Dates for the 2020 Royal Regatta; begin on Wednesday 1st through to Sunday 5th July 2020.
he Henley Royal Regatta, (or Henley Regatta, its original name pre-dating Royal patronage), was founded in 1839 and is world famous for its rowing races. The Henley Royal Regatta is held annually on the River Thames by the town of Henley-on-Thames, England. The regatta is organised by a self-electing body of Stewards, who are largely former rowers themselves.
The regatta lasts for five days (Wednesday to Sunday) ending on the first weekend in July. Races are head-to-head knock out competitions, raced over a course of 1 mile 550 yards (2,112 m). The regatta regularly attracts international crews to race. The most prestigious event at the regatta is the Grand Challenge Cup for Men’s Eights, which has been awarded since the regatta was first staged.
As the regatta pre-dates any national or international rowing organisation, it has its own rules and organisation, although it is recognised by both British Rowing (the governing body of rowing in England and Wales) and FISA (the International Federation of Rowing Associations). The regatta is organised by a self-electing body of Stewards, who are largely former rowers themselves. Pierre de Coubertin modelled elements of the organisation of the International Olympic Committee on the Henley Stewards.
What to call the regatta? Always refer to it either as ‘Henley’ or ‘Henley Royal Regatta’ – not the mere ‘Henley Regatta’. The Regatta has been Royal since HRH Prince Albert became its first royal patron in 1851, with every reigning monarch since consenting to become a patron.
Where to watch? The best place to watch from is the Stewards’ Enclosure which is on the finish line, but you need to be either a member or a guest of a member to get in.
The next best option for those keen on following the racing is the Regatta Enclosure, just along from Stewards’. It’s a good spot, and children of all ages are welcome there – the dress code is more relaxed, too.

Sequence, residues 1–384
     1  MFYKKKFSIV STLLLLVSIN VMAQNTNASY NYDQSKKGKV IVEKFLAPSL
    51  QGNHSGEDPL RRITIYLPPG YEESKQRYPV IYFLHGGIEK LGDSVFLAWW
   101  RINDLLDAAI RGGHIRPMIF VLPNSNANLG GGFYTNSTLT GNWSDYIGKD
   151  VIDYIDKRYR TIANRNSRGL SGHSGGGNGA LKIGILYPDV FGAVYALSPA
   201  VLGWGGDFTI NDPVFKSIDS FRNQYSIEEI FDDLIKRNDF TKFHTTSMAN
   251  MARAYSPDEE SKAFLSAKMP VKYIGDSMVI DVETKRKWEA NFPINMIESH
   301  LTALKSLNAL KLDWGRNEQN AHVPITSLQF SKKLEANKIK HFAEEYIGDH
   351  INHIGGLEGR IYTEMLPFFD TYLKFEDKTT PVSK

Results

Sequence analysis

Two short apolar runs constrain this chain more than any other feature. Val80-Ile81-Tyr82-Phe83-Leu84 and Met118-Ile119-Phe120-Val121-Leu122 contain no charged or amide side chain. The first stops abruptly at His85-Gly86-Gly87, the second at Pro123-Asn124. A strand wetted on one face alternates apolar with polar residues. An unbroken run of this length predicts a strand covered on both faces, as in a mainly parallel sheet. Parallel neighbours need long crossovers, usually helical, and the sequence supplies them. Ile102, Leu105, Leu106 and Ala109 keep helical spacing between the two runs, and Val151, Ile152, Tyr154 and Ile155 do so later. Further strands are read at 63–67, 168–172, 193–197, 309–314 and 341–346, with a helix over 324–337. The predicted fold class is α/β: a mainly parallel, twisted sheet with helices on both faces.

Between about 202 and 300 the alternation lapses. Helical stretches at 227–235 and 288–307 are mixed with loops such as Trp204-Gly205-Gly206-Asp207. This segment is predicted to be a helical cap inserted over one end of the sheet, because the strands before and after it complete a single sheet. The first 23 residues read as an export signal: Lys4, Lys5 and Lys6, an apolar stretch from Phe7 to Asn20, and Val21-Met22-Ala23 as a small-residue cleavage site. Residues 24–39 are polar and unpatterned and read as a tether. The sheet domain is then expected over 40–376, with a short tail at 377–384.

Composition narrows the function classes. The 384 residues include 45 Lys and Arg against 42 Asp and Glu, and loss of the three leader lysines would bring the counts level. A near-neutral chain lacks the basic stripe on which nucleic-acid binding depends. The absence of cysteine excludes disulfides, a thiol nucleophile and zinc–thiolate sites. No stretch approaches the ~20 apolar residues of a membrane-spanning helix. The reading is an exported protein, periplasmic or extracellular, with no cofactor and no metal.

Alternatively get there early, take your picnic and a rug then bag a spot on the riverbank. You could also charter a rowing boat and moor on the booms.
Ladies should forget wedding-style frocks, separates and fussy hats. Instead think along the lines of tea dresses and simpler straw headgear. It can get chilly by the river, so take a wrap or jacket for later.
Trying to get into the Stewards’ Enclosure in a dress or skirt above the knee is a major faux pas. Every year sees incredulous, leg-baring women being turned away at the entrance – embarrassing and a real nuisance for your host.
So play it safe, follow the dress code and wear a frock that definitely covers the knee. Don’t even think about wearing trousers, a jumpsuit or culottes. Every morning at Henley sees girls being turned away from Stewards’ and then racing off into the town centre in search of a remedying knee-length number.
Another tip: forget stilettos as they will sink into the grass. In addition, your host may suggest that you walk to the start, which is well over a mile along the riverbank from the Leander Club and Stewards’ Enclosure. So make sure your footwear is up to it – wedges work best.
Gentlemen, crew, club and team blazers are fine if they have been earned. (Like club ties.) Otherwise men should play it safe and wear a plain blazer or linen suit. A Panama goes down well though, and can be a pate-saver on a scorching day.
Gentlemen are requested to wear a jacket and tie (or cravat) at all times, unless permission is granted by the Stewards for gentlemen to go shirt-sleeved (usually only in the hottest of temperatures).
And if it rains? Old Henley hands will always have wellies at the ready. And umbrellas and raincoats.
Mobile phone etiquette. You are forbidden to be seen to make or receive calls on your mobile in the Stewards’ Enclosure but it is acceptable to use your phone as a camera. The Stewards employ bowler-hatted Regatta officials to politely request you to cease and desist.
Repeat offenders are expelled from the Stewards’ Enclosure and their badge numbers recorded. Excruciating.
What to watch out for. Henley Royal Regatta is seen as the pinnacle of a rower’s career, starting at schoolboy and girl level, with strong competition in the junior men’s Fawley Cup and Princess Elizabeth Cup (known as the “PE”), and for junior women, the Diamond Jubilee Challenge Cup.
Prize giving on Sunday afternoon is always made by an esteemed sportsman or sportswoman – in recent years that has included Sir Ben Ainslee, Victoria Pendleton CBE, Sir Chris Hoy, and Dame Kelly Holmes, Sir Steve Redgrave, Sir Matthew Pinsent, Dame Katherine Grainger and James Cracknell.